Last week’s announcement that Regis Philbin would take a leave of absence from Live With Regis and Kelly to have bypass surgery was a one-two punch for the man whom Philbin affectionately calls “Gelman.”
In addition to being concerned about his old friend’s health, Michael Gelman, the morning show’s executive producer since 1987, had to scramble to line up fill-in co-hosts for at least five weeks of shows.
Gelman had known about the planned leave days before Philbin shocked viewers with the news March 12, and he had been aware of the host’s health concerns before his decision to have surgery.
“He had kept me informed along the way of some issues he was having,” Gelman says. “But we just weren’t sure exactly when or what was going on.”
Once Philbin decided on surgery, Gelman and two bookers began working the phones furiously, lining up CNN’s Anderson Cooper and MTV’s Damien Fahey to take over the rest of the week after Philbin’s March 12 departure. Within a week, they had at least five weeks of shows covered, after which everyone hopes Philbin will be back in action. And it’s looking good so far; Philbin successfully underwent triple-bypass surgery March 14.
The show’s regular bench of guest hosts made the hectic process a bit easier, says Gelman, and allowed him to stick with familiar faces—despite the deluge of calls from agents dying to get their clients in that chair.
“The strategy was to try and keep to tried-and-true people we have used before, since we are going to have a longer period of time without Regis,” he says. “We really wanted to make sure both Kelly and the audience are as comfortable as possible.”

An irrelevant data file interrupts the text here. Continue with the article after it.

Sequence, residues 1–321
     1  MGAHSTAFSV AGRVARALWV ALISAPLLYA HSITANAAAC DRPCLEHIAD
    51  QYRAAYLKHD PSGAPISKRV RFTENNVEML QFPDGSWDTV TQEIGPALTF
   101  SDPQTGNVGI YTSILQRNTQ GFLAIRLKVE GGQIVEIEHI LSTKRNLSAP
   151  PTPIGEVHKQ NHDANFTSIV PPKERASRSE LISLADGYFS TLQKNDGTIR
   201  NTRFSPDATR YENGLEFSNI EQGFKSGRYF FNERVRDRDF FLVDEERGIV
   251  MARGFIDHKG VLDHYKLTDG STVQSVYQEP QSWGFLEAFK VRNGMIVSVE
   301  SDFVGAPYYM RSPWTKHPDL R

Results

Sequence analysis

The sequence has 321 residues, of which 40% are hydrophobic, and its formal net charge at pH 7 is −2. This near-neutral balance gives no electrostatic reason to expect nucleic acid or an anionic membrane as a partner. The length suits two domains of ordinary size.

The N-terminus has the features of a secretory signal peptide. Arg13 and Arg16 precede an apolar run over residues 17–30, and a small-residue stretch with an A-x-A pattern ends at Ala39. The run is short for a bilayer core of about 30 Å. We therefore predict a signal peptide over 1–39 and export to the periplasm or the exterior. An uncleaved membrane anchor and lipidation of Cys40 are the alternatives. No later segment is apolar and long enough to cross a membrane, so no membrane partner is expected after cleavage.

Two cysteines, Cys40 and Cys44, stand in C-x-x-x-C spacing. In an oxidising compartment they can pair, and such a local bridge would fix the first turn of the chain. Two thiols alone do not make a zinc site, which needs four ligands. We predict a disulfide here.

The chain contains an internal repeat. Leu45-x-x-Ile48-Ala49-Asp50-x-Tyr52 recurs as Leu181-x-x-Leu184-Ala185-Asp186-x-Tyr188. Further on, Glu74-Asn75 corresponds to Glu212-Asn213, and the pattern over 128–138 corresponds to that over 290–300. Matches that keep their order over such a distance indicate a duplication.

That roster includes Howie Mandel, Neal Patrick Harris, Pat Sajak, Jeff Probst, Martin Short and Donald Trump. Bryant Gumbel is now also onboard, and Gelman expects to use Kelly Ripa’s husband, Mark Consuelos.
“We ended up with an even better list of co-hosts than we could imagine,” Gelman says. “We had a lot of people calling, rearranging their schedules, really rallying behind Regis and the show.”
(Fans of NASCAR superstar Jeff Gordon, a familiar fill-in, may be disappointed, however; the auto racing season has just kicked off.)
Now Gelman has to turn his attention from booking to producing a show with a revolving door of hosts for at least a month. Although each host will be there for more than just one day, the constant turnover will not be easy.
“Putting together a live show five days a week is a lot of work. Now add in the co-host thing,” Gelman says. “It makes a lot more work for the staff; it makes it a lot tougher.”
As for Philbin, Gelman says he knows it won’t be too long before the affable and energetic host will be back on-air, one way or another. “We’re looking forward to getting Regis updates when he’s well enough to call in,” Gelman says. “He is a tremendous part of the show, and anytime he is gone, it’s a loss.”
In the meantime, the show began its guest-host cycle with good news: It was the only talk show to see year-over-year growth during the February sweeps. Regis and Kelly was up 3% on the year to a 3.7 rating, according to national household ratings for Feb. 1-28.
Should the numbers fall off with Philbin gone, might Gelman orchestrate a feud between Ripa and another media personality à la Donald Trump and The View’s Rosie O’Donnell?
“That’s not really our format,” he says with a laugh. “But we’re always looking for something fresh, so then again, who knows?”
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